5.1 Case Study: From Two to One
Mark Schmidt runs Co-Ed Cleaners, a business that employs college students to clean offices and schools during the night hours. Due to an economic downturn, Co-Ed Cleaners has lost customers, and although Mark has trimmed everywhere he can think of, he has come to the conclusion that he has to cut back further. This will require letting one of his two managers go and consolidating responsibilities under the other manager’s leadership. Dan Cali manages groups of students who clean school buildings. Dan is always on the go, visiting cleaning teams at each school while they are working. His employees describe him as an efficient taskmaster with checklists they are all required to follow and sign off on as they complete each job. Dan initiates most ideas for changing processes based on efficiency. When something goes wrong on a job, Dan insists he be alerted and brought in to solve it. “Dan is a very task-oriented guy,” says one of his team members. “There is no one who works harder than he does or knows more about our jobs. This guy gets more done in an hour than most guys do in a day. In the two years I’ve been here, I don’t think I’ve ever seen him stop and take a break or even have a cup of coffee.” Dan’s efforts have helped Co-Ed Cleaners be recognized as “The Best Professional Cleaning Service” for three years running. Asher Roland is the manager of groups of students who clean small offices and businesses. Asher has up to 10 teams working a night and relies on his employees to do their jobs and keep him apprised of problems. He takes turns working alongside his teams to understand the challenges they may face, getting to know each of his employees in the process. Once a month, he takes the teams to a restaurant for a “Great Job Breakfast” where they talk about sports, the weather, politics, their relationships and families, and, when they have time, work issues. One of his employees describes him this way: “Asher is a really good guy. Never had a better boss. If I am having problems, I would go to Asher first. He always advocates for us and listens when we have ideas or problems, but allows us to manage our own jobs the way we think best. He trusts us to do the right things, and we trust him to be fair and honest with us.” Mark likes both Dan and Asher, and in their own way they are both good managers. Mark worries, however, about how each manager’s individual style will affect his ability to take on the responsibilities of the manager he replaces. He must let one go, but he doesn’t know which one.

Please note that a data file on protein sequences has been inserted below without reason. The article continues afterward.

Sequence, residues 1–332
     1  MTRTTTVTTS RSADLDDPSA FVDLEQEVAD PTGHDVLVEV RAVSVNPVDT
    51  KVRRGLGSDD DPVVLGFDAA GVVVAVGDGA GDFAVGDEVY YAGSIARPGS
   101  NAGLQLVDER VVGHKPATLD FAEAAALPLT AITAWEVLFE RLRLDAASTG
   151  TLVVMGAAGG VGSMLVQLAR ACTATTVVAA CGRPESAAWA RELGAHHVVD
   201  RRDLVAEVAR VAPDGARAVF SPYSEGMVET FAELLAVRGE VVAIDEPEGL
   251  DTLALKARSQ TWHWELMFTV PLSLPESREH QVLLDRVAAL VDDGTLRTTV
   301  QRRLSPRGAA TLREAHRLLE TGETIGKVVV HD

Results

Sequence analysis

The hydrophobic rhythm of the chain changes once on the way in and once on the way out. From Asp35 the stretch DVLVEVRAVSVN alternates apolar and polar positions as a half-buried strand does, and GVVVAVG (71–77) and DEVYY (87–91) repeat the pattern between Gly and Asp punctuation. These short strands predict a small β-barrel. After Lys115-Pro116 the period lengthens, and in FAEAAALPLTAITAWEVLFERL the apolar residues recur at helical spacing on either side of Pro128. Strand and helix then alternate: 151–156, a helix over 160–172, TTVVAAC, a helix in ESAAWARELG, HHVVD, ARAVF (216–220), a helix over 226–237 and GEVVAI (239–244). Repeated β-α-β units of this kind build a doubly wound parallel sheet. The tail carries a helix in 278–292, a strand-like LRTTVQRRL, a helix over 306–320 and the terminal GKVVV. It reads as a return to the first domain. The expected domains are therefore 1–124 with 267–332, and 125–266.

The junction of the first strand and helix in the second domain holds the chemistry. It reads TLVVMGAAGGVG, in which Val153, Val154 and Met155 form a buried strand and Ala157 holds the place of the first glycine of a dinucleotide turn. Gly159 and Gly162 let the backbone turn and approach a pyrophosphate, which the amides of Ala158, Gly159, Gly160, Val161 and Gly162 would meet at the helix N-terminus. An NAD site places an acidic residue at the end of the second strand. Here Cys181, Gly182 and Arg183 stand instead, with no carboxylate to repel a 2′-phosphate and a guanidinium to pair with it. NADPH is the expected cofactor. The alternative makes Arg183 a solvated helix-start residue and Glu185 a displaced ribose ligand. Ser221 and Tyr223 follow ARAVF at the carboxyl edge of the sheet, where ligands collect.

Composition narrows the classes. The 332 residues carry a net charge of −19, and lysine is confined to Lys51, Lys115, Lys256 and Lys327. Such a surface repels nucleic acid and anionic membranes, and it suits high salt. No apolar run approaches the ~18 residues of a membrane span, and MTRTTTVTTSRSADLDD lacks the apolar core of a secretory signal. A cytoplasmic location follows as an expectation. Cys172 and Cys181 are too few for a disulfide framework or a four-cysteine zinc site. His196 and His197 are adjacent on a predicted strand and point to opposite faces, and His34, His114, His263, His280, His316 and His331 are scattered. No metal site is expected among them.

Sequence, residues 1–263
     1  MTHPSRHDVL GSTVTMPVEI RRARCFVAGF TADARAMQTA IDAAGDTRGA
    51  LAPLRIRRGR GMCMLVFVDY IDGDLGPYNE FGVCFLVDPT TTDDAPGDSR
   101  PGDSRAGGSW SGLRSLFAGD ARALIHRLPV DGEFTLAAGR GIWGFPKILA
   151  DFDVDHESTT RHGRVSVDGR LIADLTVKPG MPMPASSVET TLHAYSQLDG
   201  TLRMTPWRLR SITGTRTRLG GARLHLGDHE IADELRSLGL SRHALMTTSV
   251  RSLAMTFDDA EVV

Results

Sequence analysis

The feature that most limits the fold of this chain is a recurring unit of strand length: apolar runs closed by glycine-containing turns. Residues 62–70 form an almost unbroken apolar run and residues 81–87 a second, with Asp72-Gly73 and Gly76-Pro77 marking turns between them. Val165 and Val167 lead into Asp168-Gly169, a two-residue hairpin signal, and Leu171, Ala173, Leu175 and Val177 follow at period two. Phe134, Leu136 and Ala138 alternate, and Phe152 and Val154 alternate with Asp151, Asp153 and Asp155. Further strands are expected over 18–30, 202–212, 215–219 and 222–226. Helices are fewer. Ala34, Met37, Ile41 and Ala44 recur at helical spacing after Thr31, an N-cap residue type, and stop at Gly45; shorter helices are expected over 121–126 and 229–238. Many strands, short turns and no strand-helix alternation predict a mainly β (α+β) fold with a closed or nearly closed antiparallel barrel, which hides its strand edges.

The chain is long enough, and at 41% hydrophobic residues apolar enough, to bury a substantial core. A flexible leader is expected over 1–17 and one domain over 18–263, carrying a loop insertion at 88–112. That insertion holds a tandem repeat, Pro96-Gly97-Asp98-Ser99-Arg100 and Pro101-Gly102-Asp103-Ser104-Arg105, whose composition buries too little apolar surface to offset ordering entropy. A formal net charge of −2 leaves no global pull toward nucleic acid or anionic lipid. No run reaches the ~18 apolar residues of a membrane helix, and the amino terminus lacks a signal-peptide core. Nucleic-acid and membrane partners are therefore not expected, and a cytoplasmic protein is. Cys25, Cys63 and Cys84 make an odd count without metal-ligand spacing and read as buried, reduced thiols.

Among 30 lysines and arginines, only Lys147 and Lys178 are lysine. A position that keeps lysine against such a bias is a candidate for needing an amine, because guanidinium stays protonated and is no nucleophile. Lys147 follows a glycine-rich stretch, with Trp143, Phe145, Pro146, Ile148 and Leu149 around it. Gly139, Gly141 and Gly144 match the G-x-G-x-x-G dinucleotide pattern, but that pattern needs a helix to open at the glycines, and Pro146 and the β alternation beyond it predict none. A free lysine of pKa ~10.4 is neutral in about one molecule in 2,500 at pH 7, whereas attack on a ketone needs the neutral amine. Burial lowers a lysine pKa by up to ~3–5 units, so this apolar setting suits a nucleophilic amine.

Create a presentation that describes the case, connects to appropriate theory, lists the relevant data, interprets the relevant data, discusses possible alternatives, and proposes a course of action. Approximate length is seven to ten (7-10) slides.
1. Define the Problem
Describe the type of case and what problem(s) or issue(s) should be the focus for your analysis.
2, List any outside concepts that can be applied
Write down any principles, frameworks or theories that can be applied to this case.
3. List relevant qualitative data
Find evidence related to or based on the quality or character of something.
4. List relevant quantitative data
Find evidence related to or based on the amount or number of something.
5. Describe the results of your analysis
What evidence have you accumulated that supports one interpretation over another?
6. Describe alternative actions
List and prioritize possible recommendations or actions that come out of your analysis.
7. Describe your preferred action plan
Write a clear statement of what you would recommend including short, medium and long-term steps to be carried out.
Answer each of the questions related to the Case Study, each on a single slide. Begin each of your answers with a declarative statement that encompasses each specific question. Each answer should be one paragraph that answers the question as comprehensively as possible on a single, dedicated slide.